National Museum of Fine Arts
The greater part of the Museum collection is made up of works of art that were originally displayed in buildings of the Order of St John, such as the Grand Master's palaces, and churches such as the Victories Church. These were administered by the State following the departure of the Order from Malta in 1798.
The paintings and sculptures started to be brought together in the early years of the 20th century, forming the core of the Fine Arts Collection within the National Museum by 1922. Subsequently, public-spirited individuals and organisations made important donations and bequests to the collection. In addition, significant acquisitions were made throughout the following years.
The Palace Prior to its conversion into a museum, the stately house had always served as a residence. First constructed in the late 1570s with the creation of the new city of Valletta, it was the private residence of a number of knights of the Order of St John. It passed into the ownership of the Order in the mid-18th century, when it was radically transformed into an exuberant Rococo palace.
After 1798, several distinguished guests were hosted here until it became the official residence of the Commander-in-Chief of the Mediterranean Fleet, earning its name 'Admiralty House'. It was vacated after the attainment of Independence by the Maltese in 1964 and was soon converted to house the permanent national art collection. Inaugurated in 1974, the Museum of Fine Arts has continued to house historic works of art and to organise temporary exhibitions of contemporary art. The enlargement of premises and refurbishment is planned in the near future.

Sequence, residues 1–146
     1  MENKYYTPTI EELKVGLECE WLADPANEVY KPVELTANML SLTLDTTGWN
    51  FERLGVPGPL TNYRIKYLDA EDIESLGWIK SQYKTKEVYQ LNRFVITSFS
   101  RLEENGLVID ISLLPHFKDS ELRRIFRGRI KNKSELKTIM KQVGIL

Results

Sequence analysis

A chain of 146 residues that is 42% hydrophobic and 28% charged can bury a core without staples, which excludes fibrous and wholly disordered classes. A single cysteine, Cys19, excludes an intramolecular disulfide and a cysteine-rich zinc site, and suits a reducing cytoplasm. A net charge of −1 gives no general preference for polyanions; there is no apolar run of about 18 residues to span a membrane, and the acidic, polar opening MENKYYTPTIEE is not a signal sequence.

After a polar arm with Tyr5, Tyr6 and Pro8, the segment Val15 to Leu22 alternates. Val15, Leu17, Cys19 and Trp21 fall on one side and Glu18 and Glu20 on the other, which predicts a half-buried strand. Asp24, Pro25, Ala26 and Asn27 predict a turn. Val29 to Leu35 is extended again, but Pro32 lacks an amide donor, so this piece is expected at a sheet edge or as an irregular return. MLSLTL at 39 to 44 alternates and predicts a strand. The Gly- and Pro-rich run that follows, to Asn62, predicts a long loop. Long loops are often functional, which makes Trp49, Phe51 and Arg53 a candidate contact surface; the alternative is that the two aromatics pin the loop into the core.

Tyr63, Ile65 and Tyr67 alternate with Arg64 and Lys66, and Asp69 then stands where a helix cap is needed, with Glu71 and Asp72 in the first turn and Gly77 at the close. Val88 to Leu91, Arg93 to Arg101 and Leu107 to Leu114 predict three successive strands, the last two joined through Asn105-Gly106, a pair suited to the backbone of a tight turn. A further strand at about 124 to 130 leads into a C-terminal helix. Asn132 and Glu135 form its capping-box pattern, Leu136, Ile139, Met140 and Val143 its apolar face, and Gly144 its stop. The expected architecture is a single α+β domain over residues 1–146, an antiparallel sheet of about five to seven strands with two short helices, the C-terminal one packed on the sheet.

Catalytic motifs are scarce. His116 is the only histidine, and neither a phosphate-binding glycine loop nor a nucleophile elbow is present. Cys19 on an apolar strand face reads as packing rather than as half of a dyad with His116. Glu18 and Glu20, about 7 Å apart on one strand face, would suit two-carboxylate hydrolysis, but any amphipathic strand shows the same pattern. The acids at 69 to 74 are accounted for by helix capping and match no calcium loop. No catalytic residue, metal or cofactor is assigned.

The Fine Arts collection is displayed in a broadly chronological order with paintings grouped together by schools. The early Renaissance is represented by panel paintings ranging from the 14th to the 15th century. The Museum of Fine Arts holds a sizable collection of Italian Baroque paintings. The museum boasts the largest public display of paintings by Mattia Preti (1613-1699) who spent the second half of his long life running a busy workshop in Malta as the official artist of the Order of St John. Other highlights of the Baroque section are paintings by the Caravaggists Mattias Stomer (1600-1650), Jean Valentin de Boulogne (1601-1632) and by Guido Reni (1575-1642).
Maltese art in the 18th century was dominated by Antoine de Favray (1706-1798), a French knight of the Order of St John who spent several years in Malta. His paintings, mainly portraits, start off the itinerary on the ground floor. Other paintings on display, by Maltese artists such as Francesco Zahra (1710-1773) and Giuseppe Grech (1755-1787), suggest the continued influence of Roman art on local developments.
Works from the 19th century reflect the historical changes in the governance of the Maltese Islands that became a British colony after the brief two-year stay of Napoleon's troops. The works of this period are mainly landscapes, executed in a naturalistic yet picturesque style. The highlight of the 19th century collection is a watercolour by J.M.W. Turner of the Grand Harbour, the only Maltese landscape known to be by his hand.
The first decades of the 20th century are represented by a nucleus of paintings from the Italian school and by a sizable number of bronze and plaster sculptures by the Maltese artist Antonio Sciortino (1879-1947) as well as paintings by Edward Caruana Dingli (1876-1950). Paintings and sculptures by Maltese artists represent the post-war years, showing the beginnings of abstract art and works in mixed media.
While the museum's holdings of drawings and prints can be seen by appointment, a number of Old Master works, such as drawings by Perugino (1450-1523), Carpaccio (1465-1526) and Preti (1613-1699), are on display under controlled lighting conditions.
The Museum also exhibits a representative range of Sicilian maiolica pharmacy jars with works ranging from the 16th to the 19th century. These jars were essential in the pioneering medical practice of the Hospitaller Order in the Sacra Infermeria.
Part of the display is also dedicated to Maltese silverware in the national collection, including liturgical artefacts from churches formerly belonging to the Order as well as a collection of silver snuffboxes and other silverware bequeathed by Magistrate Edgar Parnis in 1908.